I know how to predict magnetic nature when the compound contains only strong field or only weak field ligands. But in $\ce{[Co(NH3)4Cl2]Cl},$ $\ce{NH3}$ is a strong ligand whereas $\ce{Cl-}$ is a weak ligand.

So, how do we know if the ligands are causing the electrons to pair up or not? I understand VBT and CFT to predict the hybridisation and magnetic nature of compounds.

  • 1
    $\begingroup$ It is low spin. Nearly all d6 is low spin. See chemistry.stackexchange.com/questions/112675/… which is essentially a duplicate of this $\endgroup$
    – Ian Bush
    Sep 15, 2019 at 11:44
  • $\begingroup$ @IanBush Quite the opposite. Iron(II) is $\mathrm d^6$ but most of iron(II) is high spin. $\endgroup$
    – Jan
    Oct 17, 2019 at 8:16
  • $\begingroup$ Agreed Fe2+ is by far the most likely of d6 species to be high spin, but everything else is low spin with very, very few exceptions. And the question is about Cobalt. $\endgroup$
    – Ian Bush
    Oct 17, 2019 at 9:10

1 Answer 1


The ammine ligand is not really a strong-field ligand. It is not a strong π acceptor which is characteristic of strong-field ligands such as the nitrosyl cation or carbonyl. Instead, it is a weak π donor. Quite unlike other strong-field ligands such as cyanide, there are a great number of high-spin complexes with ammine ligands. Ammine (and aqua) ligands are better termed intermediate field. They can stabilise low-spin complexes but they typically also support high-spin environments.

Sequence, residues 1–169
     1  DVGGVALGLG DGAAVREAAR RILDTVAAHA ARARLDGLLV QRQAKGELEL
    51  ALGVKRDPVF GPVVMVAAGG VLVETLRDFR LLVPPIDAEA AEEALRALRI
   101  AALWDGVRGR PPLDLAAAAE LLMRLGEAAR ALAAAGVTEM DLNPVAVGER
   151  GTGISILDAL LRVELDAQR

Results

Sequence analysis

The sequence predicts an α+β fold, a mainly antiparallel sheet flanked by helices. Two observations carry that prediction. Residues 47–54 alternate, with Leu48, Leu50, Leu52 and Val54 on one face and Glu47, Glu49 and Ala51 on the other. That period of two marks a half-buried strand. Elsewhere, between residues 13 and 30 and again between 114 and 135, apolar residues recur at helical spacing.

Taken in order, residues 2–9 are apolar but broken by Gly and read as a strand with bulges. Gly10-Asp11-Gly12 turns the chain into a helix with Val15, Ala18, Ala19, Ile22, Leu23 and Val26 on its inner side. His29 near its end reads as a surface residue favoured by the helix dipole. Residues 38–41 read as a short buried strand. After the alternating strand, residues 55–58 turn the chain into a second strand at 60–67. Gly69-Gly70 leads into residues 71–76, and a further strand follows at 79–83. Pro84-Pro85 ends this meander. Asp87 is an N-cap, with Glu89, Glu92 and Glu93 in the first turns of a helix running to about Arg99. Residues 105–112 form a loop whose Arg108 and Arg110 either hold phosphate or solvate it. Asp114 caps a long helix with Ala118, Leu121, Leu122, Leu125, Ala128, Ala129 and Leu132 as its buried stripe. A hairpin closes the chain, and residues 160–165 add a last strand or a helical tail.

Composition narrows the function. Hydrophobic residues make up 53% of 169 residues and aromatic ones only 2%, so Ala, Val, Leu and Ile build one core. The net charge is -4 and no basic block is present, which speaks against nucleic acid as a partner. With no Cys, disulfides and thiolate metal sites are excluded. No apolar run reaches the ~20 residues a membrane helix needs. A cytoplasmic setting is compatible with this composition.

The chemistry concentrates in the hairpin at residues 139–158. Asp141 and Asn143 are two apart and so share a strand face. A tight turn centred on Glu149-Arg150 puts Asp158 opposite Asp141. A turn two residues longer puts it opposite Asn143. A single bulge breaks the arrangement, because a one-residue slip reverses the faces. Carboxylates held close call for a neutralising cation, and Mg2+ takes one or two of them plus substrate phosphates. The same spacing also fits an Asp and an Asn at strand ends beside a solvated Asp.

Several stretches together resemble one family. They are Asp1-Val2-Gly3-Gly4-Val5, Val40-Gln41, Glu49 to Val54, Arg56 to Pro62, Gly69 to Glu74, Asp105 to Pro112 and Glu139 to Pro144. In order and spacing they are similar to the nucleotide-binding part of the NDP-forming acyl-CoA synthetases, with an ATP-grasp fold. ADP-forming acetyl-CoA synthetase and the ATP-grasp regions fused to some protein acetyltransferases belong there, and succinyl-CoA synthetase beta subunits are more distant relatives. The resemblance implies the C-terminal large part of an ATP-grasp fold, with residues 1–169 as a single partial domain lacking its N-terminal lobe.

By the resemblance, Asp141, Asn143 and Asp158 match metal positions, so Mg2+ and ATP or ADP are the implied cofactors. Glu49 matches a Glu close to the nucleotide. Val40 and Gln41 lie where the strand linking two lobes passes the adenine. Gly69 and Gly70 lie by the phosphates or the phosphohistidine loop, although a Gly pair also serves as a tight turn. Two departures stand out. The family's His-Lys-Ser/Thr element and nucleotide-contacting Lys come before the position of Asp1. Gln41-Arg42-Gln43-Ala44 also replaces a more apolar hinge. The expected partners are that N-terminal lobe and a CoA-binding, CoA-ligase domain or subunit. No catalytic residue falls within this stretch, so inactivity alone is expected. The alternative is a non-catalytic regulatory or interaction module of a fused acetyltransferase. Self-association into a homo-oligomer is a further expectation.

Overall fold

Understanding when ligands cause the electrons to pair is very non-trivial but essentially guesswork. This is exemplified by some complexes being isolated in both the high-spin and low-spin states as is the case in $\ce{[Fe(ptz)6]^2+}$ ($\ce{ptz}$ being 1-propyl-1H-tetrazol-κN4). Furthermore, the metal has even more influence on the question with higher oxidation states typically stabilising low-spin configurations while lower oxidation states often favour high-spin complexes. The only clear cases are 4d and 5d transition metals which can be safely assumed low-spin unless stated otherwise.

With that said, cobalt(III) complexes feature a combination of a high (-ish) oxidation state of the central metal combined with a $\mathrm d^6$ environment which generally favours low-spin a bit more as it allows for maximum electronic stabilisation. Therefore, cobalt(III) complexes can be guessed as low-spin if they are not entirely made up of weak-field ligands. Ultimately, however, the experiment or calculation will have to answer.


Your Answer

By clicking “Post Your Answer”, you agree to our terms of service and acknowledge you have read our privacy policy.

Not the answer you're looking for? Browse other questions tagged or ask your own question.